I know the cheap ones are tempting, but plan to spend more than $100 on a new scanner. You truly do get what you pay for.
If you have a lot of 35mm film or slides to scan don’t expect great results from a flatbed scanner. An actual film scanner will do a considerably better job, as this is what it is for!
Remember, no amount of retouching can make up for a poor scan. Most scanning software will allow you to choose the type of image to be scanned whether it is a photo, slide, document, etc. Correctly setting this option will insure the best scan possible from your scanner.
300ppi (if you plan on printing your restored photo as the same size as the original, or if you plan to resize it to 72ppi for web use later).
600ppi (if you plan to restore or enlarge your photo).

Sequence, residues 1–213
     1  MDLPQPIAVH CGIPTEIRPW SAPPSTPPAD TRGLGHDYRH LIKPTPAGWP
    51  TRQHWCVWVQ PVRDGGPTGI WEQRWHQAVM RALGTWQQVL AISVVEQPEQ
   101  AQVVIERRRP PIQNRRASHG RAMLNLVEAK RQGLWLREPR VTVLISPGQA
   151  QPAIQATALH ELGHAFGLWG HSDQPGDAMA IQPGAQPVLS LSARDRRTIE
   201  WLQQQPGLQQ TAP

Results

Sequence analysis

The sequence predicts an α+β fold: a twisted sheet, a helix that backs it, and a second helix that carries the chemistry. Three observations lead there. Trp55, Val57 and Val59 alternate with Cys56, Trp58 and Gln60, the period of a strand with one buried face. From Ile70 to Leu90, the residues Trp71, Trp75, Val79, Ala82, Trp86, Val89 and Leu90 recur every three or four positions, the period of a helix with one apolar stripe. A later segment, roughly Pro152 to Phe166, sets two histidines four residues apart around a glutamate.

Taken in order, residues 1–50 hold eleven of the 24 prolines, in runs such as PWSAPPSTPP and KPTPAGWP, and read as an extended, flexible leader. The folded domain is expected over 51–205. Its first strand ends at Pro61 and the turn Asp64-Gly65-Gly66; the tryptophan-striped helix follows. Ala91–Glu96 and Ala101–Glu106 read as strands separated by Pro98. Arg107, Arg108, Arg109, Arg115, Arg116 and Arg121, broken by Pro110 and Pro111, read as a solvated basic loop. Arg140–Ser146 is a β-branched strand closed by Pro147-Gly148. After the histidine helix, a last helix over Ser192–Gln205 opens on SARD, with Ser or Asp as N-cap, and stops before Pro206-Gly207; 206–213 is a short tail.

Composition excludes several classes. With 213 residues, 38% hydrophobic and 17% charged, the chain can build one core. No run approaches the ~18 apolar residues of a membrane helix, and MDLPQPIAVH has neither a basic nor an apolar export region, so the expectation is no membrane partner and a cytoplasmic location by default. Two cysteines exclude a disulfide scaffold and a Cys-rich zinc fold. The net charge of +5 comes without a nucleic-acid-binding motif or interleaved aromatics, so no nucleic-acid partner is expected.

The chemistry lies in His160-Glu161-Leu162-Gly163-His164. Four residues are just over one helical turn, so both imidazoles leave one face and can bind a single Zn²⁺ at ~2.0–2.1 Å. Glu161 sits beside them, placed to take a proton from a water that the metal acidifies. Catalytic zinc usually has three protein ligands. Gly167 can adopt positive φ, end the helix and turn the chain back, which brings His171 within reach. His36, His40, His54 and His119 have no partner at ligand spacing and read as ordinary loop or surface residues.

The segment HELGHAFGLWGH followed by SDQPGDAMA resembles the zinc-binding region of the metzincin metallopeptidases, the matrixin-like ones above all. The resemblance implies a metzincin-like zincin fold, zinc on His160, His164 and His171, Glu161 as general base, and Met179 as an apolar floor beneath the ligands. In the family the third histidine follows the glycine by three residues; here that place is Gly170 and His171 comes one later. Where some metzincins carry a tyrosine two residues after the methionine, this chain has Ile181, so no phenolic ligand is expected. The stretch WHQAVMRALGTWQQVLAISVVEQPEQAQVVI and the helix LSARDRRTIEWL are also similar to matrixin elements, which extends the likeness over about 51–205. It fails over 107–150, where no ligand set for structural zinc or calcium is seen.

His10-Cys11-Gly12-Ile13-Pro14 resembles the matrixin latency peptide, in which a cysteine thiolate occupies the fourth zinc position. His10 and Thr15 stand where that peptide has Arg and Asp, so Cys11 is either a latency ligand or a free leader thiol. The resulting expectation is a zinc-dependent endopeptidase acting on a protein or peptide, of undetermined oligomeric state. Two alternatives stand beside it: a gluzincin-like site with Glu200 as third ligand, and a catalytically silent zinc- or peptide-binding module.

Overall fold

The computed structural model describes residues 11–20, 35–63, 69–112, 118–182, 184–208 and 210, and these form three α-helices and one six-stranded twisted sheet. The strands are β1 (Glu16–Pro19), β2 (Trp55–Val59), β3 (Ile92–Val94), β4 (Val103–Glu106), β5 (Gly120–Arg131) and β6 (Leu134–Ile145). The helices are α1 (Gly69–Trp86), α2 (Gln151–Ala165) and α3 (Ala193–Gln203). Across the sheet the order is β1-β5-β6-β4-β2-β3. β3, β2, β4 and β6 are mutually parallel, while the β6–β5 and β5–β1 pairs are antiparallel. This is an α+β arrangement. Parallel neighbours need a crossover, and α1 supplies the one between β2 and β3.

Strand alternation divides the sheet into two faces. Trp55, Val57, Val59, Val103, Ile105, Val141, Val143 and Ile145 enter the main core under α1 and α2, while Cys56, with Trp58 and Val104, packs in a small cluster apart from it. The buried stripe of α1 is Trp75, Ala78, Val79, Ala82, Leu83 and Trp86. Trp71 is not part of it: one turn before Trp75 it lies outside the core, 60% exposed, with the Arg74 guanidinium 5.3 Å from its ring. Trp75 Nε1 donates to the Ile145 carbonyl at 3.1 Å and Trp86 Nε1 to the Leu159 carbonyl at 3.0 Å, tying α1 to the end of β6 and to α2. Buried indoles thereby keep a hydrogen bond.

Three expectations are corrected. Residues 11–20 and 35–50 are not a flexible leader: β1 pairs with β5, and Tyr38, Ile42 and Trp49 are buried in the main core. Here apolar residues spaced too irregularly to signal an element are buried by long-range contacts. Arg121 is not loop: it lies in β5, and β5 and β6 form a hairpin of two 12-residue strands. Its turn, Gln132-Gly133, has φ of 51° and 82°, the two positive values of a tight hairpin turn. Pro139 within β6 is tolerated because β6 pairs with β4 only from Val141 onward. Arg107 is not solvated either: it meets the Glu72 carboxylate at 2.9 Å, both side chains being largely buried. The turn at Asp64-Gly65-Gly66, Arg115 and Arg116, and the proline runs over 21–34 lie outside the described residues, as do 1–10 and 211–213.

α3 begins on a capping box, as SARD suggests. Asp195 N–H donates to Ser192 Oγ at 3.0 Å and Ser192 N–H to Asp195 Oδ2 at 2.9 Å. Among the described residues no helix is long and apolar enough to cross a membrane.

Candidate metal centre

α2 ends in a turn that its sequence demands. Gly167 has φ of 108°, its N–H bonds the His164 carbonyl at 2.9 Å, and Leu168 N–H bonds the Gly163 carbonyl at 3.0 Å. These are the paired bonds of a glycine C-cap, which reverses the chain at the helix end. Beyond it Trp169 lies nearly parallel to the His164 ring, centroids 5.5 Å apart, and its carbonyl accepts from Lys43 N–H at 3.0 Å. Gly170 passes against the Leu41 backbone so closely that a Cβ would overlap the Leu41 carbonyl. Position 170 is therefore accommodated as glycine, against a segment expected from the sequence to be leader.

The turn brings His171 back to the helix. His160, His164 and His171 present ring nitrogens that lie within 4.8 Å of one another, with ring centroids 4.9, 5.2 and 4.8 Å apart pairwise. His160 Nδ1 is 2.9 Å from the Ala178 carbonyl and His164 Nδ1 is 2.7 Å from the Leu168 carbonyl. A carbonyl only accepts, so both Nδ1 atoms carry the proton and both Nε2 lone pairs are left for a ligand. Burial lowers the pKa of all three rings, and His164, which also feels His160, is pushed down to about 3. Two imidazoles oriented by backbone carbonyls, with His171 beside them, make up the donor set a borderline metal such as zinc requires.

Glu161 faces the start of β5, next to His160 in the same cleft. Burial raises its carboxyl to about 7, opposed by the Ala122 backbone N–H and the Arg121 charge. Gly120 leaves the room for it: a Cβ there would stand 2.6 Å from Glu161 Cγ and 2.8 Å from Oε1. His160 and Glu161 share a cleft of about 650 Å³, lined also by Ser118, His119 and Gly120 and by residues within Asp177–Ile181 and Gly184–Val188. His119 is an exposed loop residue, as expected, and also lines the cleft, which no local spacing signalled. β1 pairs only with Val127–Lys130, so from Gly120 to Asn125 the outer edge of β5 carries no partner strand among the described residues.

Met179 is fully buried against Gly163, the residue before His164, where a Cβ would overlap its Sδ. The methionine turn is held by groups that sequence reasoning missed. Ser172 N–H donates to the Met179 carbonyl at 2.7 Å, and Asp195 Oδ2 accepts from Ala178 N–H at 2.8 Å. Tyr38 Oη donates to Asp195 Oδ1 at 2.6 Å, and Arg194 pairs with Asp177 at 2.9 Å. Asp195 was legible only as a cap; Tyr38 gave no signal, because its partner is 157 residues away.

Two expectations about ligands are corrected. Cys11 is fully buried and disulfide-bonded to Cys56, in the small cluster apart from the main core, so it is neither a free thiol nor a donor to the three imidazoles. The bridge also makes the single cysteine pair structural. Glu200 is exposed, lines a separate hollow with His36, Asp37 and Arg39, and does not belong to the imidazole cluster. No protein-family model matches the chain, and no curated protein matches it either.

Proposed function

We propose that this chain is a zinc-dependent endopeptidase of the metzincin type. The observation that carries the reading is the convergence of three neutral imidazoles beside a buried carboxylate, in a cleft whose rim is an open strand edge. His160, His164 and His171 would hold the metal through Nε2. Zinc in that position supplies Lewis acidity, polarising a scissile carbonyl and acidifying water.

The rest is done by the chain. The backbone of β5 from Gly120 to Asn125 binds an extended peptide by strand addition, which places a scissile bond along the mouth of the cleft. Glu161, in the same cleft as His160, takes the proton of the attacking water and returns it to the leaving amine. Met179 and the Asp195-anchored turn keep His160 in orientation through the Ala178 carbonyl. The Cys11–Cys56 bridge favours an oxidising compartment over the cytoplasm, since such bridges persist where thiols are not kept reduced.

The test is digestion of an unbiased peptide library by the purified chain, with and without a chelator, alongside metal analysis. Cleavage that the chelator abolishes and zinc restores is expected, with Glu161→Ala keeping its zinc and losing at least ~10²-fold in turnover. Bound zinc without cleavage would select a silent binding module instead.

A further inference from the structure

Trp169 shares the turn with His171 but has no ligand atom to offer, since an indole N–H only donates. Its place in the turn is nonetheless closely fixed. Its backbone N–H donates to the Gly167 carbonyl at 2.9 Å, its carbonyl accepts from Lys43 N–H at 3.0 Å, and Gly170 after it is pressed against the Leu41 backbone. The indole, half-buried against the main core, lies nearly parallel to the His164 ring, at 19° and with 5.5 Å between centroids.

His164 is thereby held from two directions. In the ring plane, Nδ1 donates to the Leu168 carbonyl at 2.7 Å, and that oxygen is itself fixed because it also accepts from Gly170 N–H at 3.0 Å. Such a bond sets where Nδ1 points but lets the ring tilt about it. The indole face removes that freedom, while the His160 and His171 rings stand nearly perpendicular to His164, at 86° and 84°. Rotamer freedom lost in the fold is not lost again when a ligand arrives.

Turn off all automatic filters.
Crop your preview scan so as not to include any of the background.
Always scan black and white photos as 24bit RBG Color (not grayscale). This is because 24bit files have 3 times the color depth of an 8 bit grayscale file, so they capture much more of the subtle tones (If your photo is badly faded you might want to scan at 48bit).
Please, keep in mind not to use photos printed on textured or embossed paper. They aren’t usually suitable for scanning. Try photographing them with a digital camera instead.
Always save your scans in a lossless format such as TIFF. Only ever use JPEG as a final format to save your photo in. Never do anything to the original scans except for naming them. Save them exactly the way they were scanned, without any changes.
View your scanned images at 100% when looking at them on your computer to make sure your photo scanned correctly.
OK…lets make it 11 tips! Right-click your scanned photo and choose Properties. Go to General and check the “Read Only” box. This is so you can’t accidentally save over them! And yes, I speak from experience…